- How large is the influencer’s audience?
- How active is the influencer on different social media platforms?
- How relevant are they to your industry?
- What is—and has been—the industry’s response to them?
The above questions help when evaluating how relevant the potential influencer is to your marketing campaign. Looking at the potential influencer’s past partnerships can give you an idea of how successful they are and who they connected with over time.
Given the growth of influencer marketing, multiple tools exist to help you find an effective influencer for your niche. For ideas, start with aggregate sites for guidance, such as ahrefs and influencermarketinghub. You can do the work manually by searching hashtags, browsing locations, such as country or region, browsing the relevant influencers‘ following—or just Google search “your Niche” + Top Influencers + (preferred Social Media Platform).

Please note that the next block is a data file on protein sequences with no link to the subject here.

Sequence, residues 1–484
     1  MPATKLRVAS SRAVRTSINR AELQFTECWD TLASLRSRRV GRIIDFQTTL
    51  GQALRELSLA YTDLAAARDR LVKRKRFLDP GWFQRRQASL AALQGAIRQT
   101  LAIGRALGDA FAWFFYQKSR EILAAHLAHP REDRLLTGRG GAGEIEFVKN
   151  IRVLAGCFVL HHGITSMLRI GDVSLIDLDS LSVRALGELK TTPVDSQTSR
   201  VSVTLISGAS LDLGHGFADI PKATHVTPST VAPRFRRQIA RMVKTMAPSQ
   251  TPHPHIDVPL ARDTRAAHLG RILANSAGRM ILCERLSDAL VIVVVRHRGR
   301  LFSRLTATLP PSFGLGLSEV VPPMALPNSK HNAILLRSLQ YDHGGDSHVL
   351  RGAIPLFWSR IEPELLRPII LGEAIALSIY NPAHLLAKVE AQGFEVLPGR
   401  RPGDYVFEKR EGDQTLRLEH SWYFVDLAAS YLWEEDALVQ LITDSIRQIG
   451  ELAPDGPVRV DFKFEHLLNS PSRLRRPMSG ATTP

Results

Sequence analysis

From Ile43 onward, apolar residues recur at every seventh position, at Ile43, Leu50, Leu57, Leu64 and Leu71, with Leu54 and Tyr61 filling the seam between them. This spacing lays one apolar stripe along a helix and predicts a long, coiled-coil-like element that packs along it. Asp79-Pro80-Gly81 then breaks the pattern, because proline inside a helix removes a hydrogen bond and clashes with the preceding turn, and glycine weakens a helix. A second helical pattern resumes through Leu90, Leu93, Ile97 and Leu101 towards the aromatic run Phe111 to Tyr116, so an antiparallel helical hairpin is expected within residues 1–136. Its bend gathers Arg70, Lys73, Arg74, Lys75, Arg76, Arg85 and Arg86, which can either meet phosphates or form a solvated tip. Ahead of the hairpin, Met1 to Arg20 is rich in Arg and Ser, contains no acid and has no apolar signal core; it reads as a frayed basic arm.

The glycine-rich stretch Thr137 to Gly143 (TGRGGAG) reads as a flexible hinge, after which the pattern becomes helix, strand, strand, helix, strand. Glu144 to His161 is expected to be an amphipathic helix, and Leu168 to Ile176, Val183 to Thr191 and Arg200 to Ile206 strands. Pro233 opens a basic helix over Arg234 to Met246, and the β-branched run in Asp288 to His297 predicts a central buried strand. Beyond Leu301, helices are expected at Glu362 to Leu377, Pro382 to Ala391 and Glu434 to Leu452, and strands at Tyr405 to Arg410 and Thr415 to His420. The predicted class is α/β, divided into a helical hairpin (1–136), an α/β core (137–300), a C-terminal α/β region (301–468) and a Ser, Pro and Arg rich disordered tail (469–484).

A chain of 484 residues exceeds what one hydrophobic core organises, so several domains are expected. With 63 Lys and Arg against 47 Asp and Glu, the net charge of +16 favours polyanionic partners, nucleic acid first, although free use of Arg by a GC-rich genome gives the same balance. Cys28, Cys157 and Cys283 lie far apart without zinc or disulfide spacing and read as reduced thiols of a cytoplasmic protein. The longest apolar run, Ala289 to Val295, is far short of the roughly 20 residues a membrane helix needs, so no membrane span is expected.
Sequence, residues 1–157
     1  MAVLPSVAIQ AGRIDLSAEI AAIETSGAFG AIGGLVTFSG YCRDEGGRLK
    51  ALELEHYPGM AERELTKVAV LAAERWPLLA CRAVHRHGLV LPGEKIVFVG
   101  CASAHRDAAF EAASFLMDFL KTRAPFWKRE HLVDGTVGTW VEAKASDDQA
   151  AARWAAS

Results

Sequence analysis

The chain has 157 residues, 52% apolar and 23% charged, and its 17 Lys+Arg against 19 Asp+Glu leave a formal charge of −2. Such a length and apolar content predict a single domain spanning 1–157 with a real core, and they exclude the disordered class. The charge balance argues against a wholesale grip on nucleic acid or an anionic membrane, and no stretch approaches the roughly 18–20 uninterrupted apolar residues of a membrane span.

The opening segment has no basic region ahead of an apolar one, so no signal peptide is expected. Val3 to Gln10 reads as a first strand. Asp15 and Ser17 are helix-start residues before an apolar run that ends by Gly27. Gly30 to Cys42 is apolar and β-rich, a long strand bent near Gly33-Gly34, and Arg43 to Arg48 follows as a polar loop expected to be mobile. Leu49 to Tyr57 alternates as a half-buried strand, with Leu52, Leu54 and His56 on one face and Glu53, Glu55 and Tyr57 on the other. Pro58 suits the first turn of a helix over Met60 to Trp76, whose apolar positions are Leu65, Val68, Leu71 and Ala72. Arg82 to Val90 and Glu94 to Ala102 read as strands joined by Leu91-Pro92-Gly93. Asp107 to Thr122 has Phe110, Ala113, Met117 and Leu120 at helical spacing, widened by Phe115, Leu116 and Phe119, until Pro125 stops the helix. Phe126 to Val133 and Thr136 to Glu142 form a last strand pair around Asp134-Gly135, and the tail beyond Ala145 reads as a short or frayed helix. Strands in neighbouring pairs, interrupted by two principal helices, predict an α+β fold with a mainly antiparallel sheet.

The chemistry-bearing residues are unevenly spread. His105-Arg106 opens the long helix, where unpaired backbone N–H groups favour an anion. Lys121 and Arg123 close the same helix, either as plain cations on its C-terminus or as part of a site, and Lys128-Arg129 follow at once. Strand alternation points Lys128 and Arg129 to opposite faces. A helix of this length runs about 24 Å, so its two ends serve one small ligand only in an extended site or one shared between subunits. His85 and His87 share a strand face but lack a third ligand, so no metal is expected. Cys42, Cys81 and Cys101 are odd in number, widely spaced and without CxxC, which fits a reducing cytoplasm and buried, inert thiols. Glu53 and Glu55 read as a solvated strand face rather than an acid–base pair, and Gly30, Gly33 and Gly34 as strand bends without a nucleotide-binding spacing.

A list of the top influencers in your industry and sector will appear first. Evaluate the top profiles and peruse suggested accounts, tagged content or relevant hashtags in their posts.
Focus on a specific platform
Your social media strategy will influence the platform you choose. For example, if your main audience is on Pinterest, you will need an influencer with a substantial presence and a large following on Pinterest. Take the time to understand the community attracted by your influencer. It will help you identify if they are a relevant fit for your target audience.